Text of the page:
Edinburgh (AFP) – One of the world’s top art schools is to be partially demolished after it was gutted by a second devastating fire, Glasgow City Council said Friday.
Flames tore through the Glasgow School of Art’s famous Charles Rennie Mackintosh building on June 15, destroying four years of restoration work after a previous blaze.
Glasgow City Council confirmed parts of the building need to be brought down after surveys found that a sudden collapse “is likely, rather than possible”.
Demolition work is expected to start in the coming days.
Raymond Barlow, the council’s head of building control, said: “This building has undergone substantial stress in recent days.
“With each passing day a sudden collapse becomes more likely. It has become urgent that we take down the south facade.
“As the process begins it will be likely that the other walls will also need to be reduced.
“We do not know what effect this will have on the rest of the building so I have to be clear this site remains dangerous — and is becoming more dangerous.”
A restoration project, set to cost between £20 million and £35 million ($26.5 million and $46.5 million; 23 and 40 million euros), had been returning the institution to its former glory following a fire in 2014 – – which began when a projector ignited gases from foam used in a student project.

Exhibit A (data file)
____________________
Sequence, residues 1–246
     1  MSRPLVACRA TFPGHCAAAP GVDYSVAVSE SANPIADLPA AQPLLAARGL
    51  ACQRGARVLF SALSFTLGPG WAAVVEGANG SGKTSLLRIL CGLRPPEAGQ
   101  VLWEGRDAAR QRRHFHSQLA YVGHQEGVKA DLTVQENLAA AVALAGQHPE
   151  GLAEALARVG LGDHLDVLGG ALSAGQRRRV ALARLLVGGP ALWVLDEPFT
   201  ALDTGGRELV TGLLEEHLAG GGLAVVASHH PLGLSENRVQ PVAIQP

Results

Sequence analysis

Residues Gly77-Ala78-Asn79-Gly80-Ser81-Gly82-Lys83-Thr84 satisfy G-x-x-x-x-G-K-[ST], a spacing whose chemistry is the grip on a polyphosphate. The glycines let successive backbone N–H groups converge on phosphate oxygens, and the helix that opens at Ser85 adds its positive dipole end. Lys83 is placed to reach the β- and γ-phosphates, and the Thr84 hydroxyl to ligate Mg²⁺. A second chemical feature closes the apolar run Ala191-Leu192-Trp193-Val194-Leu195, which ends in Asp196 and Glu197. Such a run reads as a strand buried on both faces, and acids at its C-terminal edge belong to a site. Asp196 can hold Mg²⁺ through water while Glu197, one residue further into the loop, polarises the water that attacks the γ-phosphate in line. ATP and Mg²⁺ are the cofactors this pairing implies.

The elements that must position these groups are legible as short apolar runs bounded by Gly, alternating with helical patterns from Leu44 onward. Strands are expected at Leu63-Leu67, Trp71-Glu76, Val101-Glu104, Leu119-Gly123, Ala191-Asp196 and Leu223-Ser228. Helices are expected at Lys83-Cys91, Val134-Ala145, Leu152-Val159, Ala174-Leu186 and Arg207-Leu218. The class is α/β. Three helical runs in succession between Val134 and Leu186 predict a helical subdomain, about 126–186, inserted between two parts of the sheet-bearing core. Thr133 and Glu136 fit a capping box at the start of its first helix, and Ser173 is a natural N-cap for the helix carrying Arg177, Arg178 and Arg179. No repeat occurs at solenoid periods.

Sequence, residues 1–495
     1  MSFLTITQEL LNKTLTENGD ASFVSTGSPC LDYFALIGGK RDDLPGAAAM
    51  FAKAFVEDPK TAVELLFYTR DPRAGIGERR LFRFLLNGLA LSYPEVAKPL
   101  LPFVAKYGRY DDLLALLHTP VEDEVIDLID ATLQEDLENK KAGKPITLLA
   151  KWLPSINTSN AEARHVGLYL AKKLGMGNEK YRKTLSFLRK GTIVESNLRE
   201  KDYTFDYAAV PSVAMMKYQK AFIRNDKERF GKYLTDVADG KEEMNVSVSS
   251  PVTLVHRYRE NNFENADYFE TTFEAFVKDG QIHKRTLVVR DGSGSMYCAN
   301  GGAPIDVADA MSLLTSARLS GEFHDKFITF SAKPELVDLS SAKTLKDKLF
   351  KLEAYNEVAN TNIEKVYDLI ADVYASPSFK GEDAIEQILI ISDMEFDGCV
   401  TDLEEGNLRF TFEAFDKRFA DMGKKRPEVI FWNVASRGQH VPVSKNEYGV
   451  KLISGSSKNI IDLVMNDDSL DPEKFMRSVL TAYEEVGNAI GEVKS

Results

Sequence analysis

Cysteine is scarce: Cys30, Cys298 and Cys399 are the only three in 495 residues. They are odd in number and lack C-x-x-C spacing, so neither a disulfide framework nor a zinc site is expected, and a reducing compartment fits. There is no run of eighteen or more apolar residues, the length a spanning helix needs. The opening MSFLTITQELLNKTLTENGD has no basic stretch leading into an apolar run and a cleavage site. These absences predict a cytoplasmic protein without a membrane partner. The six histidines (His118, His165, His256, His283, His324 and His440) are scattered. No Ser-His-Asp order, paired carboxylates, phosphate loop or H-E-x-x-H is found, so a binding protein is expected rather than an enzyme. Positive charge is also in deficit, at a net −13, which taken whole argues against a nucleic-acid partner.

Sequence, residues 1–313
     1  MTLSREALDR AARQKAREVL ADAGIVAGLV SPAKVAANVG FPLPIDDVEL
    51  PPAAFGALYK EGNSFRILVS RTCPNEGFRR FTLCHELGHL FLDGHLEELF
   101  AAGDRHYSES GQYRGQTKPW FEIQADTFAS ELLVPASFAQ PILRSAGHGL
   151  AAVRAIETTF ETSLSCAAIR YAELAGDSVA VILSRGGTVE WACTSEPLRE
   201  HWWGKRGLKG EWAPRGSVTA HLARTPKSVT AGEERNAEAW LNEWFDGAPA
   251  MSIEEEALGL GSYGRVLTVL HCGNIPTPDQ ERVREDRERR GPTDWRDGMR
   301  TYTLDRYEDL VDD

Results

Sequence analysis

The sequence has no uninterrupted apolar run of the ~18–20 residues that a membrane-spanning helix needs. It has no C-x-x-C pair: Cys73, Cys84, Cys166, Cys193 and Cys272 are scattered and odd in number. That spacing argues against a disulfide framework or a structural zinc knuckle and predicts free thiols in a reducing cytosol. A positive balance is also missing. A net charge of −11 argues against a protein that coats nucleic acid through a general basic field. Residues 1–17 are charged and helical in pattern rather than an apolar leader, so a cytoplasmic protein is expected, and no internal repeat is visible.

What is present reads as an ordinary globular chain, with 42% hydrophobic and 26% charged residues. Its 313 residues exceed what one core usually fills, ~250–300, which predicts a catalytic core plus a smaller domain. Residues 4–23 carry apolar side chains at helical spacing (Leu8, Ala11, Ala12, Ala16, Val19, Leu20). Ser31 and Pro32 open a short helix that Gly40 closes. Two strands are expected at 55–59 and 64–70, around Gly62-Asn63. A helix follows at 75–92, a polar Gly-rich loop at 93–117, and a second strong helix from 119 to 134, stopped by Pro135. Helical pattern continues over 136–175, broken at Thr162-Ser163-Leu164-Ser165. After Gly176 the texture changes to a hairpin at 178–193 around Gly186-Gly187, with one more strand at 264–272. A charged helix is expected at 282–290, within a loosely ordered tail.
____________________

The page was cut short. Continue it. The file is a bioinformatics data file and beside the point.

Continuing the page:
The cause of the latest fire has yet to be determined. Building renovators were just weeks away from installing a new sprinkler system.
The building’s Glasgow-born architect and designer, Charles Rennie Mackintosh (1868-1928), was a leading exponent of Art Nouveau, whose distinctive lines and lettering remain influential.
The building was a landmark in Scotland’s biggest city with special government-protected status.
The school’s alumni boast recent Turner Prize for art winners Simon Starling (2005), Richard Wright (2009) and Martin Boyce (2011).
Others include “Doctor Who” actor Peter Capaldi, “Harry Potter” and “James Bond” movie actor Robbie Coltrane, and members from the Scottish rock bands Travis and Franz Ferdinand.